Box Office in Russia devastated by 'football hysteria'
After becoming the biggest European market in terms of box-office receipts in 2017, Russia saw a major slump in the number of moviegoers during the summer months.
In June, movie theatres in Russia earned only 3.4 billion rubles ($54 million), the lowest level in the last seven years, according to official statistics. As a result, the total box office of non-Russian films in the country dropped by an unprecedented 25% to 17.13 billion rubles ($273 million) in the first half of the year. Russian films performed slightly better, primarily thanks to the three big sport dramas specially shot in anticipation of the FIFA World Cup 2018.
According to Marina Vogue, editor-in-chief of the Russian magazine Bulletin of Film Distributors, these low figures could be explained by the World Cup impacting the cinema industry much more dramatically than initially expected. She explained that people were watching games instead of films, leaving movie theaters half-empty.
Opinion polls also indicate that the phenomenon described as “football hysteria” overtook Russia, with reportedly 68% of citizens in the 145-million country planning to watch the game of the national team in the quarterfinals. The viewing figures for other games were also record-breaking in Russia.
On the other hand, Russian cinema expert Sergey Lavrov raised concerns that a decline in movie theatre admissions in 2018 could be seen even prior to the World Cup, a sign that a major downward trend in the Russian cinema market may be beginning.
Hollywood Actor Wants to Play a Putin Advisor
Hollywood actor Eric Roberts wants to play a role in a possible movie about the current relationship between Ukraine and Russia, he told local news outlet Radio Svoboda during the Odessa Film Festival. In particular, he explained, he would like to play an advisor of Russian President Vladimir Putin.
“This could be a movie like Three Days of the Condor,” Roberts said. “I would like to play someone Putin needs—for example, someone who arranges meetings for him.”
Roberts reportedly said he admires Putin. “And this is not about how much money he has, but about his path to his current position,” Roberts commented.
Nevertheless, the movie Roberts wants to participate in would not be about the feelings of Putin or the feelings of Ukrainians, the actor claimed. It would be about money, as “with money one can buy power and freedom,” he explained.
Roberts said he is still keen to play villains, because “their world is better, plus they have prettier woman and they die in the end.”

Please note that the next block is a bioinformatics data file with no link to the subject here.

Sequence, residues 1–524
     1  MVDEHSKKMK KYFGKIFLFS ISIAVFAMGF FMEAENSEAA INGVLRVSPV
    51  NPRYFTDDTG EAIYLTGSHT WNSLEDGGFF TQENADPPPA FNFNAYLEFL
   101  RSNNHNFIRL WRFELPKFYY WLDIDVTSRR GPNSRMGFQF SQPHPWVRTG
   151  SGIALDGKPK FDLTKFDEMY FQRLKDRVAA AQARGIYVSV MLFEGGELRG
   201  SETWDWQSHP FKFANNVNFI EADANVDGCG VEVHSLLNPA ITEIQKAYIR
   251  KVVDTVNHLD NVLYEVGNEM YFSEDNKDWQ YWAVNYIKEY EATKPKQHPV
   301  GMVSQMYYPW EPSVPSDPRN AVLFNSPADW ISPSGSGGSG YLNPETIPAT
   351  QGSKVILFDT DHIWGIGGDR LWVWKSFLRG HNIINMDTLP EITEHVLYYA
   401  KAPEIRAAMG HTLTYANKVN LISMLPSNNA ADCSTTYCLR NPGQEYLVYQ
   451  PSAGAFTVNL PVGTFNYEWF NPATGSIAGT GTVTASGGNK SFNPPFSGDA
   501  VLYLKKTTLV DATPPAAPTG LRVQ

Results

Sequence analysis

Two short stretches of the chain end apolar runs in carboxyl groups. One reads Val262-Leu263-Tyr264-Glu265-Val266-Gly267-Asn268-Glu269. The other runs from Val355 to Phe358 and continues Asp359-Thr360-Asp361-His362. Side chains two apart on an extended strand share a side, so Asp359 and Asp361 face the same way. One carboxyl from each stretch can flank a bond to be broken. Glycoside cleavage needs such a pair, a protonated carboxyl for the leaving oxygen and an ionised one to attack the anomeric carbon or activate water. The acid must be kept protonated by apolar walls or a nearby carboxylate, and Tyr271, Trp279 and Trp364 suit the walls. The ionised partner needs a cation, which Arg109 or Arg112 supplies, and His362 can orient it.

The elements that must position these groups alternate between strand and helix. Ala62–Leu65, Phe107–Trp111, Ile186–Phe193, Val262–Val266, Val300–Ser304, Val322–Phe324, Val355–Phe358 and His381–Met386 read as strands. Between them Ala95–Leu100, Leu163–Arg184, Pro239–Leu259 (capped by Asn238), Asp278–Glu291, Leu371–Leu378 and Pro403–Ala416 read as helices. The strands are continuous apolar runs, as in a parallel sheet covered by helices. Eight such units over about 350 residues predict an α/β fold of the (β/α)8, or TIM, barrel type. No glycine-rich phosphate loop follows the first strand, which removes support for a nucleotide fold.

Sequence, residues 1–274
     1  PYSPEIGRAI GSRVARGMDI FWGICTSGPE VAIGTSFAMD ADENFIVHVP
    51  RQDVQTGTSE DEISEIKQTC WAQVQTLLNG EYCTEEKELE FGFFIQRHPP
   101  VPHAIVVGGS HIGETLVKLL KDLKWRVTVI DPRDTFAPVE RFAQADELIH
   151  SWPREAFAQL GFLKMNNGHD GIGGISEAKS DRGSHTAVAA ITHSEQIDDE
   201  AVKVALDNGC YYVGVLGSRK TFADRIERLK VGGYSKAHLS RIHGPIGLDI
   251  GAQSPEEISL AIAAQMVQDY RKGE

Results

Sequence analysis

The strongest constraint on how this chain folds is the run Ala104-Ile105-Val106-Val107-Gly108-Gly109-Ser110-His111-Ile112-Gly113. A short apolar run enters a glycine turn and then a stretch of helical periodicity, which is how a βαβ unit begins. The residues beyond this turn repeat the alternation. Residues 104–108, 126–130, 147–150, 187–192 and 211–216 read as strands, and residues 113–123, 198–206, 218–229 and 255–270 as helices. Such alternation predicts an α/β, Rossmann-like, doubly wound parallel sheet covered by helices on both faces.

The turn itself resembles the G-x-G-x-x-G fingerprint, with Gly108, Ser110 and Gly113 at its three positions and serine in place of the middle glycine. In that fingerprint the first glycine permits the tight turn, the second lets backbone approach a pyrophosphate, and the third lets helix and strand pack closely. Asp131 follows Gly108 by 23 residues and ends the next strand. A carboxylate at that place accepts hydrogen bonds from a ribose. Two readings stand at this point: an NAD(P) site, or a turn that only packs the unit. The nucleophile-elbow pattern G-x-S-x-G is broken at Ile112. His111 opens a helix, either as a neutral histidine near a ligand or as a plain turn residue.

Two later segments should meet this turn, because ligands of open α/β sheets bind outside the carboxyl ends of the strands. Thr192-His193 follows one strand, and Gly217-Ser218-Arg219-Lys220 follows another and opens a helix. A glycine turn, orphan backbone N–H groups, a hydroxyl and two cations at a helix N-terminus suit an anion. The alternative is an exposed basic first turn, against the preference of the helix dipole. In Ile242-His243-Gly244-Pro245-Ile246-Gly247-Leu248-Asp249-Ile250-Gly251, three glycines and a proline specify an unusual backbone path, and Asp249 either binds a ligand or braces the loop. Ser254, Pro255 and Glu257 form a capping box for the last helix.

Roberts also attracted the attention of news media in Russia and Ukraine by offering a “Happy birthday” greeting to Ukraine’s film director Oleg Sentsov, who was arrested by Russian authorities and convicted to 20 years in jail by the Russian court on charges of plotting terrorist acts. Ukraine authorities, however, insist the trial was illegal and that Sentsov is a hostagein Russia. Roberts has not clarified whether his gesture was in support of Sentsov or anything else.
Russian Lawmakers Eye Movies as Army Propaganda
Watching Russian films is about to become compulsory in the Russian Army, for the purpose of “ideological influence,” as outlined in a bill recently submitted to the State Duma, the lower chamber of the Russian Parliament.
“Culture has a huge educational and intelligential potential, which must be used as much as possible in the process of personality formation,” the lawmakers said in an explanatory note. “In Russia, cinema is one the most important tools of moral and aesthetic education.”
At the moment, there are no special rules about what movies can be viewed in military bases or military institutes in Russia. There are films specially produced by the Defense Ministry that are compulsory viewing in certain branches of the military, but they are mostly of a technical nature and used for training of troops. For entertainment purposes, officers are free to choose all kind of movies to show to the troops, with no restrictions applied.
The new bill, if adopted, would change that, as only certain Russia-made films specially approved by the Defense Ministry would be authorized to be shown to the Army. It is believed that this practice would lead to “patriotic upbringing” of Russian soldiers.
Commenters on Russian social-media websites say this looks very similar to the ideological influences that were widely applied in Soviet times, when Hollywood movies were considered taboo in many areas of social life, including the Army.